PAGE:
1. Jonathan Gruber & Brigitte C. Madrian, 1996. "Health Insurance and Early Retirement: Evidence from the Availability of Continuation Coverage," NBER Chapters, National Bureau of Economic Research, Inc, in: Advances in the Economics of Aging, pages 115-146 National Bureau of Economic Research, Inc.
  2. Joseph Gyourko & Joseph Tracy, . "A Look at Real Housing Prices and Incomes: Some Implications for Housing Affordability and Quality," Zell/Lurie Center Working Papers, Wharton School Samuel Zell and Robert Lurie Real Estate Center, University of Pennsylvania 324, Wharton School Samuel Zell and Robert Lurie Real Estate Center, University of Pennsylvania.
  3. Gruber, J., 1992. "The Efficiency of a Group-Specific Mandated Benefit: Evidence from Health Insurance Benefits for Maternity," Working papers, Massachusetts Institute of Technology (MIT), Department of Economics 92-19, Massachusetts Institute of Technology (MIT), Department of Economics.
  4. Jonathan Klick & Sara Markowitz, 2006. "Are mental health insurance mandates effective? Evidence from suicides," Health Economics, John Wiley & Sons, Ltd., John Wiley & Sons, Ltd., vol. 15(1), pages 83-97.
  5. Gruber, Jonathan & Madrian, Brigitte C, 1995. "Health-Insurance Availability and the Retirement Decision," American Economic Review, American Economic Association, American Economic Association, vol. 85(4), pages 938-48, September.
  6. Gruber, J. & Madrian, B.C., 1994. "Limited Insurance Portability and Job Mobility: The Effects of Public Policy on Job-Lock," Working papers, Massachusetts Institute of Technology (MIT), Department of Economics 94-03, Massachusetts Institute of Technology (MIT), Department of Economics.
  7. Douglas Holtz-Eakin & John R. Penrod & Harvey S. Rosen, 1994. "Health Insurance and the Supply of Entrepreneurs," NBER Working Papers, National Bureau of Economic Research, Inc 4880, National Bureau of Economic Research, Inc.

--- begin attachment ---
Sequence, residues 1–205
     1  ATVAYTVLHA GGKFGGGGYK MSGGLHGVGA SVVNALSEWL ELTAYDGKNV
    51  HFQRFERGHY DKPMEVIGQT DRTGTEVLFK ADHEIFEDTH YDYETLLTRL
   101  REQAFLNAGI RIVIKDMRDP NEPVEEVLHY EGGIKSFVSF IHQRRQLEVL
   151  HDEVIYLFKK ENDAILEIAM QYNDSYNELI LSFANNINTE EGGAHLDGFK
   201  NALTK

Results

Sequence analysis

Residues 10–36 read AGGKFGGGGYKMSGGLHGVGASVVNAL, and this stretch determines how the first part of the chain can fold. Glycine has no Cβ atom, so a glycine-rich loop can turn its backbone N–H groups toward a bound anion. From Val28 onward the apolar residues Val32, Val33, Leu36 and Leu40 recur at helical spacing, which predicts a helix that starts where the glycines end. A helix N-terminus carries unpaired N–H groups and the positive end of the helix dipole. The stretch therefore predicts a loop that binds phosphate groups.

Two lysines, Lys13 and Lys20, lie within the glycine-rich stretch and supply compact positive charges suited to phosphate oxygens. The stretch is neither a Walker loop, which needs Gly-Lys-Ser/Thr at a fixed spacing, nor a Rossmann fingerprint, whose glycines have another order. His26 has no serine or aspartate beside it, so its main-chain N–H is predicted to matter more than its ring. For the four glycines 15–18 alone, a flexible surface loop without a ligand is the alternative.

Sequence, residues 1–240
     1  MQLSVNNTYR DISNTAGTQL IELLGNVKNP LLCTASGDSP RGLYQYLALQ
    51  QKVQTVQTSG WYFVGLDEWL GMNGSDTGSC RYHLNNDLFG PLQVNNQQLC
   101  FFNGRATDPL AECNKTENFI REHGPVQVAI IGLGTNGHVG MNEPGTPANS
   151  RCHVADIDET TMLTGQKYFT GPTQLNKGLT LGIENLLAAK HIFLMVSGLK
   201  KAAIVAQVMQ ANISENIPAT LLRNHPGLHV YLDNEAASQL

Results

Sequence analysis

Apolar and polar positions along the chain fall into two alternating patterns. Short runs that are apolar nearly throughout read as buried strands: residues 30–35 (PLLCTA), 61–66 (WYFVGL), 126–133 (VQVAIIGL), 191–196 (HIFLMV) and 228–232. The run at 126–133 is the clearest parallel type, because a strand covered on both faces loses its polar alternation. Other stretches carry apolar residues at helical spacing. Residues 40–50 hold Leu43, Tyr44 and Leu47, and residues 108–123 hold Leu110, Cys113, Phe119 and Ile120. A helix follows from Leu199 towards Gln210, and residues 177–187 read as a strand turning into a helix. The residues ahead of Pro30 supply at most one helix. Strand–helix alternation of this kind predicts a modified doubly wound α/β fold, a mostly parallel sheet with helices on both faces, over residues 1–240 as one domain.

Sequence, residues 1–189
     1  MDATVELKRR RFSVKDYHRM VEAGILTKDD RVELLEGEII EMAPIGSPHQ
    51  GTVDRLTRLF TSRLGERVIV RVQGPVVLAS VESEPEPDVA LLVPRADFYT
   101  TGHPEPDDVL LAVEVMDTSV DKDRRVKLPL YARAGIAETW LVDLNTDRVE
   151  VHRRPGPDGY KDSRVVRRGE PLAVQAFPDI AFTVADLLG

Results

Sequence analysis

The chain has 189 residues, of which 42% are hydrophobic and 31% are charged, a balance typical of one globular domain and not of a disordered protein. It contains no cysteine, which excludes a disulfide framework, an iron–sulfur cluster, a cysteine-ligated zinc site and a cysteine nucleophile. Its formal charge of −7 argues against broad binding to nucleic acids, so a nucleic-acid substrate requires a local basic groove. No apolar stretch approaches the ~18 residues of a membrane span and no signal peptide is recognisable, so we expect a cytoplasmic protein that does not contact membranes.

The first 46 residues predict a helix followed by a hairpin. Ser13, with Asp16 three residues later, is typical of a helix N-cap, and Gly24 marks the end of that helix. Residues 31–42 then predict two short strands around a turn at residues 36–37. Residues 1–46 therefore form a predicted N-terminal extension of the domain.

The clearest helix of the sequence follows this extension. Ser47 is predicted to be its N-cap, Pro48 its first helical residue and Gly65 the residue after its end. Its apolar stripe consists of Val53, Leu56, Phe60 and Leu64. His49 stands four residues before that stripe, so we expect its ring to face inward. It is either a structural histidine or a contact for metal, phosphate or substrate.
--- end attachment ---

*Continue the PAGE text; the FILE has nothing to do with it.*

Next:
8. Stan McMillen & Kathryn Parr & Xiumei Song & Brian Baird, 2004. "The Kerry-Bush Health Care Proposals: A Characterization and Comparison of their Impacts on Connecticut (Technical Appendix)," CCEA Studies, University of Connecticut, Connecticut Center for Economic Analysis 2004-06, University of Connecticut, Connecticut Center for Economic Analysis.
  9. Sherry Glied & Mark Stabile, 1997. "Avoiding Health Insurance Crowd-Out: Evidence from the Medicare as Secondary Payer Legislation," NBER Working Papers, National Bureau of Economic Research, Inc 6277, National Bureau of Economic Research, Inc.
  10. Dhaval M. Dave & Swati Mukerjee, 2008. "Mental Health Parity Legislation, Cost-Sharing and Substance Abuse Treatment Admissions," NBER Working Papers, National Bureau of Economic Research, Inc 14471, National Bureau of Economic Research, Inc.
  11. M. Kate Bundorf & Melinda Henne & Laurence Baker, 2007. "Mandated Health Insurance Benefits and the Utilization and Outcomes of Infertility Treatments," NBER Working Papers, National Bureau of Economic Research, Inc 12820, National Bureau of Economic Research, Inc.
  12. Amy Finkelstein, 2002. "Minimum Standards and Insurance Regulation: Evidence from the Medigap Market," NBER Working Papers, National Bureau of Economic Research, Inc 8917, National Bureau of Economic Research, Inc.
  13. Aparna Mathur, 2010. "Health insurance and job creation by the self-employed," Small Business Economics, Springer, Springer, vol. 35(3), pages 299-317, October.